Classical review: SSO- Tectonics & Richard Youngs

Tectonics provided a wild end to the weekend. Picture: Facebook

Tectonics provided a wild end to the weekend. Picture: Facebook

Share this article
0
Have your say

IT MIGHT have been a Sunday, but there was no sign of the Tectonics weekend’s wild activities winding down on its final day – quite the opposite.

Tectonics: BBC SSO Concert 2 - City Halls, Glasgow

****

BBC SSO/Richard Youngs - Old Fruitmarket, Glasgow

***

Following computerised musical goofiness from Icelandic composer collective S.L.Á.T.U.R. and the choral maelstrom of James Weeks’s Radical Road filling every corner of City Halls, the festival’s final traditional(-ish) orchestral concert ended up as a more focused, subdued affair. In exceptionally fine performances under festival director Ilan Volkov, two pieces by English pioneer Michael Finnissy brought his intensely lyrical, unpredictable sound world into sharp perspective. His Favourite Poets was a poignant collage of half-remembered themes that seemed about to break into Elgar at his most fulsome, and it brought together the fiercely committed chamber choir Exaudi with a small but fluent ensemble from the BBC Scottish Symphony Orchestra, while Finnissy’s evocative orchestral Offshore teemed with life and detail.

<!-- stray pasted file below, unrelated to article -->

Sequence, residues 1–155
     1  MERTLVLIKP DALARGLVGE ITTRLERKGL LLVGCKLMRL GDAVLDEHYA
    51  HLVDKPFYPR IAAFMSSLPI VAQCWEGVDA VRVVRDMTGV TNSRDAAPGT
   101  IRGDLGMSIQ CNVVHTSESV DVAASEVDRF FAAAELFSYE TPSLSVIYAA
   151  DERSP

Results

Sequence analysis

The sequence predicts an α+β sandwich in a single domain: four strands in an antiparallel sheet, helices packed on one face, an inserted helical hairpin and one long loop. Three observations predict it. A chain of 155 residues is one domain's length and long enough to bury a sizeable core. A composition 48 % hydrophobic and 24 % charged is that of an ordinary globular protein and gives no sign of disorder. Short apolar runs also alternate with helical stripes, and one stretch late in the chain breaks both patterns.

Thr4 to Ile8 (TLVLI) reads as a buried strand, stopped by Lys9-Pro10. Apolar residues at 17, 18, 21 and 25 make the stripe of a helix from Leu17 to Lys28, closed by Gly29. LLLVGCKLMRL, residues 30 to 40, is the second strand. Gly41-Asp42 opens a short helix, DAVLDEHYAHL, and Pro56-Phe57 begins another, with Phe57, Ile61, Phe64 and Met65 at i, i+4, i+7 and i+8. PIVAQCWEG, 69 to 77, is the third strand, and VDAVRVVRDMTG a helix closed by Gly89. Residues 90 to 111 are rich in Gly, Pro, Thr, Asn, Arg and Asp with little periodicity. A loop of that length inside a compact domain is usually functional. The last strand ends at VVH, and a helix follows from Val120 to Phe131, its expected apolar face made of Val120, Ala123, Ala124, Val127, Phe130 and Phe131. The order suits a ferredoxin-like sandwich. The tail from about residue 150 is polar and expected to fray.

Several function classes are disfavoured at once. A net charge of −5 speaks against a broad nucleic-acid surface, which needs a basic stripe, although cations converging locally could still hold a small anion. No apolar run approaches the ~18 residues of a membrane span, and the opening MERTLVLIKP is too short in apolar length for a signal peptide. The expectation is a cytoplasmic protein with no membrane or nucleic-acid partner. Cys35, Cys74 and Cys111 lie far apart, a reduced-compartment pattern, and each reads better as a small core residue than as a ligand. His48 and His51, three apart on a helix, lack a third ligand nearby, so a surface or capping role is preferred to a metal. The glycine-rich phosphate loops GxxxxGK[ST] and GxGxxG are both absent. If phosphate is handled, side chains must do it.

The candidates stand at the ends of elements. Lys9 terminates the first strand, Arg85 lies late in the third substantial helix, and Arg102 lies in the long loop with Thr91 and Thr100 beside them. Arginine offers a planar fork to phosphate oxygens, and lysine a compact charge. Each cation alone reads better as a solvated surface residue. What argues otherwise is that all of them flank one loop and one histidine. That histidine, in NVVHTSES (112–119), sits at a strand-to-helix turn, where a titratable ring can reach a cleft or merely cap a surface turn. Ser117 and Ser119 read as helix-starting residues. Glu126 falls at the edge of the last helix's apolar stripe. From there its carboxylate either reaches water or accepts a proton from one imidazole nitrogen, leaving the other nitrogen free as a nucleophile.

Elsewhere, Scottish composer James Clapperton’s powerful Tomnaverie, based on an Aboyne fiddle melody, got a sensitive world premiere, and The Thin Tree by Austrian composer Klaus Lang (another world premiere, and a BBC commission) was exquisitely scored but ultimately rather opaque.

It wasn’t quite the BBC SSO’s last contribution to the weekend, though, as they fragmented to the edges of the Old Fruitmarket for the world premiere of Past Fragments of Distant Confrontation by the uncategorisable Glasgow-based musician Richard Youngs – his first orchestral work. Based on obscure punk sub-genre D-beat, it had the strings scrubbing furiously at hypnotic rhythms while the brass brayed chords from the balconies, and Youngs himself improvised a spiky electric guitar solo on stage.

Hardly the subtlest of offerings, it nevertheless has something to say and wasted no time in saying it – and it brought what had been a rich and sometimes bewildering weekend to a gloriously tumultuous conclusion.

Seen on 11.05.14

Back to the top of the page